I’ve seen many B2B marketing plans in my career. I’ve seen some great ones, many good ones, and loads of poor ones. And that doesn’t include all the companies who have no marketing plan at all, or start the year with a plan that goes by the wayside before the second month is up.
I was reviewing a marketing plan last week for a small B2B medical device company ($4M in revenues, about 12 employees including 1 marketing coordinator and 2 sales people) and suggested to the company that they had 3 issues which were hindering the success of their marketing. If they follow a simple recipe for fixing those issues, they will have much better results from their marketing investment. And it occurred to me that these 3 areas are very common, and the recipe for marketing success applies to many B2B companies. So here it is, a 3-ingredient recipe for improving B2B marketing success:
- Sell on benefits
Ingredient #1: Focus.
The company, we’ll call them ‘DeviceCo’, was doing lots and lots of marketing. They were writing whitepapers, attending trade shows, speaking at conferences, hosting webinars, sending enewsletters, providing lunch n learns, doing pay per click advertising, producing sales collateral for distributors, doing social media, and so on. Keep in mind the company has just one marketing coordinator. In short, it was too much for any of it to get done well. The CEO was frustrated by all the activity and the lack of results – but it’s precisely the volume of activity (without focus or quality) that was causing the poor results.
Like anything in life – if you spread your resources too thinly, nothing good happens.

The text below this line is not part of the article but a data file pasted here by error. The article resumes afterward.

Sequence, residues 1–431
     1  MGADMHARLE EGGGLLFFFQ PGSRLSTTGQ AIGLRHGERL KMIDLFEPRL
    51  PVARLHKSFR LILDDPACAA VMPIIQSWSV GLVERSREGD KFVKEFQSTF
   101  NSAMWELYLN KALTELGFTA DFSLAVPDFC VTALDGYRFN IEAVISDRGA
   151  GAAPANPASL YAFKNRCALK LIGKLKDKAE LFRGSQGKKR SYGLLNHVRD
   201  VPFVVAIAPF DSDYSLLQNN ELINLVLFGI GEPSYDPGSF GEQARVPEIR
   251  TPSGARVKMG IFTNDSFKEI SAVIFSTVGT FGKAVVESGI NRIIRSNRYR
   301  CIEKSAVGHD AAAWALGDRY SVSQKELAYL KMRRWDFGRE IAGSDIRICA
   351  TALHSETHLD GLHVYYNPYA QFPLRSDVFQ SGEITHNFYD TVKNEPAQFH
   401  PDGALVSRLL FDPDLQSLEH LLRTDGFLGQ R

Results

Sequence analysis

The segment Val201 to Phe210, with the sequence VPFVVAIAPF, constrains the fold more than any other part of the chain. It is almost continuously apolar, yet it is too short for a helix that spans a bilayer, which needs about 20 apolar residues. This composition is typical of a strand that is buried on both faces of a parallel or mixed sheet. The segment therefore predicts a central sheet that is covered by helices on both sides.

DeviceCo must pare back. They should focus on the 3 – 5 tactics that will make the most impact on their immediate target market, and then do those activities well, track results, and constantly improve each quarter.
Ingredient #2 - Sell on Benefits
DeviceCo was busy talking about how accurate and high-quality their devices were in their marketing. They described their innovative features and world-class manufacturing facility. Of course, nobody cared. Customers care about what a product is going to do for them. They care about benefits. Marketing needs to answer the question ‘What’s in it for me?’ – always.
Ingredibent #3 – Nurture
The last part of the recipe for DeviceCo is to focus on nurturing relationships with potential customers. They have a complex, big-ticket product. No one makes a snap decision to buy it. So DeviceCo’s marketing must nurture relationships, provide information in a gradual process and over time build trust between the customer and the company. Getting your marketing to nurture relationships with prospects is harder than just launching various pieces of collateral and hoping they hit the right customer with the right message at the right time. So #1 becomes that much more important.
If you’re thinking about your marketing plan for 2012, I hope you’ll keep this 3-ingredient recipe in mind – it might save you some frustration around about April of next year.